I much prefer to see scratchbuilt structures and buildings on layouts rather than another batch of 'me too' commercial types that can also be seen on the layout next door.

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10 minutes ago, grahame said:

 

Yep, sometimes because they are easy to build I wonder if it is just laziness (or rather perhaps a lack of thought or consideration) to use them. Especially when they are not individualised: the open corners disguised; the glossy finish knocked back with matt varnish; and details (like gutters, drain pipes, window sills and relief features) added.

 

Certainly making unique buildings is fun and rewarding, and not necessarily or inherently difficult. And not only do they create the feel, but reflect and help identify the location, add atmosphere, set the scene and establish the period.

 

I much prefer to see scratchbuilt structures and buildings on layouts rather than another batch of 'me too' commercial types that can also be seen on the layout next door.

 

I agree - it's not that difficult and you learn so much more along the way!

This little distillery has me digging through books and looking at info online - I've learned about whisky making, the history of distilleries in Scotland and feel like I can start to read the architecture; the styles, different types of stone and  architectural details. I had no idea that one architect in Elgin had such an influence on the  development of the style of distilleries or that whisky making has been though so many ups-and-downs.

You get to chat to fellow modellers in more depth and they are great for informing what you are doing - plus I also had a great chat with my Dad about it last night - so it has been really valuable.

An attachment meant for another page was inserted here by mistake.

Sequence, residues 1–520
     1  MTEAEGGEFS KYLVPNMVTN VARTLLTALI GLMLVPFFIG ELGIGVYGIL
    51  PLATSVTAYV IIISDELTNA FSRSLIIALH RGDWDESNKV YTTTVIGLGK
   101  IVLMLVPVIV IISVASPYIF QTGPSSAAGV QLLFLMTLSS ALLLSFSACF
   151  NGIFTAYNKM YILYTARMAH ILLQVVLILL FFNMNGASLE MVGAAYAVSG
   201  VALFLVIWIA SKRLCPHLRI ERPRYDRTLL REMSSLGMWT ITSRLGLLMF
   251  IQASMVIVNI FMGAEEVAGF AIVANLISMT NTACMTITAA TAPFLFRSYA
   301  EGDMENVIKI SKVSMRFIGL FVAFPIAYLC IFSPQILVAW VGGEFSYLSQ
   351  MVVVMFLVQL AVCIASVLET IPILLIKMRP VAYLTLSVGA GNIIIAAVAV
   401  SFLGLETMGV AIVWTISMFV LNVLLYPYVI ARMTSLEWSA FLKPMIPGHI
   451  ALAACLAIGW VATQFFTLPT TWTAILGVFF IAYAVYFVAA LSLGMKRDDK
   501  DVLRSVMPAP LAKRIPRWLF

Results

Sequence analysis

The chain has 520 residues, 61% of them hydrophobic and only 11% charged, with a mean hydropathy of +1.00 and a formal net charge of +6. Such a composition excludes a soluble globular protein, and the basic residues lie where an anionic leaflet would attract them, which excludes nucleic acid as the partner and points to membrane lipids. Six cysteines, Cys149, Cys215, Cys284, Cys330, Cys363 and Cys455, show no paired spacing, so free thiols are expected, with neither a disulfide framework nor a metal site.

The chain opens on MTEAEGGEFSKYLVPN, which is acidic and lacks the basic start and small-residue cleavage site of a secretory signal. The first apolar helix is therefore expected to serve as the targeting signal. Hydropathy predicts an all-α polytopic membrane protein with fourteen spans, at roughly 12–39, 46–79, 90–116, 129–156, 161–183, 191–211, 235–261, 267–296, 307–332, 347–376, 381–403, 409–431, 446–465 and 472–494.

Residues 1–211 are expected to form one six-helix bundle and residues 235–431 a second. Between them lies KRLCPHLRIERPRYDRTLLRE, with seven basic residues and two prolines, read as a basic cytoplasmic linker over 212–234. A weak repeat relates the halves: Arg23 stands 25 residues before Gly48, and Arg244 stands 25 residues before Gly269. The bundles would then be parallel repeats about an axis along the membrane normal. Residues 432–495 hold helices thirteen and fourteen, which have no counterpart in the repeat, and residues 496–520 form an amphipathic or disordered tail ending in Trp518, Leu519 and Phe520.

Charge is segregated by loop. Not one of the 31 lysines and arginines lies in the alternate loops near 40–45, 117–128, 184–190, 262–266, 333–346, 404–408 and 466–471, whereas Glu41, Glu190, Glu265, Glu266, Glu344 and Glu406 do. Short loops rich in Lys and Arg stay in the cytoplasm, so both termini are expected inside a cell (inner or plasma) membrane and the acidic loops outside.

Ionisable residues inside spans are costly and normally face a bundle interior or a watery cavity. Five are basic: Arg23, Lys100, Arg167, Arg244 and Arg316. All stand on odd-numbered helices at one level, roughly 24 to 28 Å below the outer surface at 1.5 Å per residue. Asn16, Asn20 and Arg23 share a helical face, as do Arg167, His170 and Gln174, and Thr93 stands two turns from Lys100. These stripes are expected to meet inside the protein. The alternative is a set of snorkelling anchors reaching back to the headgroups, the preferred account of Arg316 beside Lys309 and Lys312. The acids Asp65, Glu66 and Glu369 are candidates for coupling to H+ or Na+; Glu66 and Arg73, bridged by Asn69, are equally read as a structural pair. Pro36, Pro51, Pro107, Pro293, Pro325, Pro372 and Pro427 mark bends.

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42 minutes ago, grahame said:

 

Yep, sometimes because they are easy to build I wonder if it is just laziness (or rather perhaps a lack of thought or consideration) to use them. Especially when they are not individualised: the open corners disguised; the glossy finish knocked back with matt varnish; and details (like gutters, drain pipes, window sills and relief features) added ..

 

.. on that note: I did have a crack at using a donated Metcalfe factory kit for a low reliefe factory on my canal-scene diorama. I think I did all the things you suggested:

  • covered the exposed corners
  • knocked back the glossiness
  • added sills and relief features

Se what you think ...

 

metcalfe-01.jpg

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1 hour ago, brylonscamel said:

 

.. on that note: I did have a crack at using a donated Metcalfe factory kit for a low reliefe factory on my canal-scene diorama. I think I did all the things you suggested:

  • covered the exposed corners
  • knocked back the glossiness
  • added sills and relief features

Se what you think ...

 

metcalfe-01.jpg

 

Nice, a big improvement. It's a shame that a lot of layouts don't have the same effort invested in the Metcalfe kit buildings on them.